With such a severely affected leg, there was a question as to whether the leg would even be worth saving. To answer that question, the veterinarians at the San Jose Animal Care Center (SJACC) contacted specialty practice veterinarians at SAGE Centers and asked for their recommendation.
In June we had a Poodle Mix in our care at the San Jose Animal Care Center that had a peg leg. Essentially the dog’s right hind leg was not able to bend in a normal way so it just stuck out and got in the way and impeded her mobility.
Although there is no way to know this dog’s history, we believed that this dog had fractured the femur on the right hind leg and it was not given swift and proper care, resulting in what is known as quadriceps contracture.
The following is what the Merck Veterinary Manual has to say about the condition:
“Quadriceps Contracture (Quadriceps Tie-Down, Stiff Stifle Disease)
This serious fibrosis and contracture of the quadriceps muscles develops secondary to distal femoral fractures, inadequate surgical repair, and excessive dissection in young dogs. Adhesions develop between the bone, periosteal tissue, and quadriceps muscles, which lead to limb extension, disuse, osteoporosis, degenerative joint disease, and bone and joint deformations. Clinical signs include hyperextension and cranial displacement of the affected limb. Surgery is usually required to resect fibrous tissues and increase motion of the stifle joint. Bone and soft-tissue reconstructions along with postoperative flexion bandages and physical therapy are required to recover limb function. Prognosis is guarded. Prevention of the condition by accurate, biologic stable repairs of bone fractures is preferred.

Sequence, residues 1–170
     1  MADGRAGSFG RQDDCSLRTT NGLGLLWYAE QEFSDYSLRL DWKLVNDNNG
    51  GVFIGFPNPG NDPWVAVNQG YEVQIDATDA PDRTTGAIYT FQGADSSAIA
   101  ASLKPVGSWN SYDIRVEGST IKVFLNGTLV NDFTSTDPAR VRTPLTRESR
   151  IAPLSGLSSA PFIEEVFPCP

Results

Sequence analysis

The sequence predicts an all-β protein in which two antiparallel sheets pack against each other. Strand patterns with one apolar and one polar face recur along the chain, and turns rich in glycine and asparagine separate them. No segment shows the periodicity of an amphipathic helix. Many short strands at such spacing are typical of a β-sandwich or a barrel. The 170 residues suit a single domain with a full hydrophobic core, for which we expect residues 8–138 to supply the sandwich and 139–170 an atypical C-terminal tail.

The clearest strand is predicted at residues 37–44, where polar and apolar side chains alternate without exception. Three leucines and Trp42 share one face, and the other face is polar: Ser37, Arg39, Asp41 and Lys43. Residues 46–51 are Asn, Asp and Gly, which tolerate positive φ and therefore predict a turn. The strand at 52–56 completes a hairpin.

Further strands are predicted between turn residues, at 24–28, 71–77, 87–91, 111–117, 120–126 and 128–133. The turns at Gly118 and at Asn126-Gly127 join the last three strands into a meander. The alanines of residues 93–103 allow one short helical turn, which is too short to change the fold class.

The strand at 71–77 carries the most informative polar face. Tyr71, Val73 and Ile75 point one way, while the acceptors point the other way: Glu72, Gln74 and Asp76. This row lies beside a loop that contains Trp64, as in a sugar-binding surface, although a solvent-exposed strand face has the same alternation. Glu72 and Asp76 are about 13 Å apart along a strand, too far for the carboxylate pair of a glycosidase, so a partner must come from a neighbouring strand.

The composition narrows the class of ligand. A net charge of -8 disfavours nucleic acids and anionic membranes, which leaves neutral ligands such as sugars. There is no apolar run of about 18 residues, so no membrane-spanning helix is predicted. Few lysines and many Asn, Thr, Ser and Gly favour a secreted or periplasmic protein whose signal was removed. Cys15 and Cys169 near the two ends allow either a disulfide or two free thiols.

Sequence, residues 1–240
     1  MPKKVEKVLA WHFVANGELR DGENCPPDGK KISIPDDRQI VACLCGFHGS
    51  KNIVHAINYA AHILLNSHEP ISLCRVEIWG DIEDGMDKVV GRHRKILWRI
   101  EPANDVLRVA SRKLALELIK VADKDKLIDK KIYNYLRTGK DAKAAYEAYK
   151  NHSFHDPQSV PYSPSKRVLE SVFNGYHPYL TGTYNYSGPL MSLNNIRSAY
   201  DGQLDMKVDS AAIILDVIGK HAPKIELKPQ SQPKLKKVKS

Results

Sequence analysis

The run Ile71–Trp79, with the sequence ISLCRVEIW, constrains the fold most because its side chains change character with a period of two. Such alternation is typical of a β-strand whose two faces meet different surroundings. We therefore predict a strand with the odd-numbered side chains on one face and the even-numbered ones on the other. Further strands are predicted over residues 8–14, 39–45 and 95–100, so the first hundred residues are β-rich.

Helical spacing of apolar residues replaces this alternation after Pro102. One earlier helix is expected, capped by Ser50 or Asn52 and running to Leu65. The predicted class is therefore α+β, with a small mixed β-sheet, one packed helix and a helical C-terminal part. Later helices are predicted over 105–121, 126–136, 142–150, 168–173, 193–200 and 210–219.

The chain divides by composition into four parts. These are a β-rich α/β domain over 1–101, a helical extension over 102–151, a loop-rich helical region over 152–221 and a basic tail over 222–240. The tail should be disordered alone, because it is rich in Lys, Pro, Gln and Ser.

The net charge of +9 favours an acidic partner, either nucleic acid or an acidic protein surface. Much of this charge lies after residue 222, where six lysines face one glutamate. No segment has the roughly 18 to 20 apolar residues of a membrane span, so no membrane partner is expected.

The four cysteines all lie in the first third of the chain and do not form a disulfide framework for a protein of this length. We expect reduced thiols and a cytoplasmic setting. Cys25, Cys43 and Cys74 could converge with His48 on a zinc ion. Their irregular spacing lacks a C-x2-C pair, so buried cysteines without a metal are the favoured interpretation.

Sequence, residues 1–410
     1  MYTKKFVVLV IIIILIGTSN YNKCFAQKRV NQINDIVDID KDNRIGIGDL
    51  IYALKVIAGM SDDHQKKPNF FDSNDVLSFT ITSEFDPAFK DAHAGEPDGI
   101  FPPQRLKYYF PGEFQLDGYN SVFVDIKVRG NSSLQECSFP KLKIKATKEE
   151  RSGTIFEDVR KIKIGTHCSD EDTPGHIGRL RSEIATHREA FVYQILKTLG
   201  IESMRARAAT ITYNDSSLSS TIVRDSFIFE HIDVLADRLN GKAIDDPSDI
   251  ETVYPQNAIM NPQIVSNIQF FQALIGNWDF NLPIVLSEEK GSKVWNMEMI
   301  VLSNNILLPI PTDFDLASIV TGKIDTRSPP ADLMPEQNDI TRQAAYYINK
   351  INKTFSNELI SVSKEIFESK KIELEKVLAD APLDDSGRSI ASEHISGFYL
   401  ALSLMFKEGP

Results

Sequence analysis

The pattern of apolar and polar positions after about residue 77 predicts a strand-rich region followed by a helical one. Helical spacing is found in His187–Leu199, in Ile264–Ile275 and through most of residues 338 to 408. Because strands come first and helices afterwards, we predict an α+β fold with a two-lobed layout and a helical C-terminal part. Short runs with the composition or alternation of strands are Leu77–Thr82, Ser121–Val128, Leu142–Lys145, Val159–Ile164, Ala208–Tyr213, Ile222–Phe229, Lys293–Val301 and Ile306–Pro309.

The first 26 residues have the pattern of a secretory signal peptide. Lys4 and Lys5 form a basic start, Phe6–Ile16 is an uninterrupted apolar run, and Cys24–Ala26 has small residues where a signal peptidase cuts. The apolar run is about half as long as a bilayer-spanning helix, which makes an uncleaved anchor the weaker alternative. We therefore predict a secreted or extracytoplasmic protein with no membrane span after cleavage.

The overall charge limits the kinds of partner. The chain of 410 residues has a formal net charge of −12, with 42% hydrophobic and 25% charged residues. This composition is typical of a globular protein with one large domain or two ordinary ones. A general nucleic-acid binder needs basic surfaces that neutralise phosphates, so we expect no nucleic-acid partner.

While there are options available to treat animals with femur fractures so as to minimize or eliminate the risk of quadriceps contracture, it can happen fast (within a day) and be permanent! Fast surgical correction of the fracture paired with rehabilitation is often the key to preventing it from happening. If you are looking for a rehabilitation facility in your area, please visit the Canine Rehab Institute’s page and select Find a Therapist.
Unfortunately, this dog was not so lucky and had been living with this leg for who knows how long.
The only option for this dog was surgery to amputate the burdensome leg.
In the following two photos you can see abnormal positioning of the dog’s right hind leg. This is particularly evident when the leg is manipulated in the second photo but does not bend in a normal way, but rather remains locked.
Take one look at this 3 year old Poodle mix and you may wonder how we ever decided he was a Poodle mix. His coat was so overcome with mats from not being groomed that he moved as if it was burdensome, perhaps even painful. Yet you could see that with the subtle wag of his tail, he wanted so much to be loved.
You might not be able to see it, but this dog had a large, pendulous mass hanging down over his right eye (it might look like an ear to you). His matted coat obscured much of the mass, but it was sizable and clearly in the way.
July 4th and New Years are the days that animal shelters (and many pet owners) dread the most. These holidays are often associated with fireworks which, though beautiful, create a very scary situation for our pets.
Pets tend to flood animal shelters around these holidays, particularly July 4th, because the noise generated from the firework displays is frightening and pets will often run off, sometimes breaking windows and slipping out of collars and leashes to escape.
If there is one thing I can recommend to people who have pets, it is to make sure that your pet is microchipped and the information is up to date. If your pet escapes from its collar, then the microchip is the only thing tying you to your pet. Animal shelters scan animals for microchips upon admission and they will do everything in their power to trace down owners until they reach a dead end. Having your information current means you can be reunited sooner and with less of a hassle.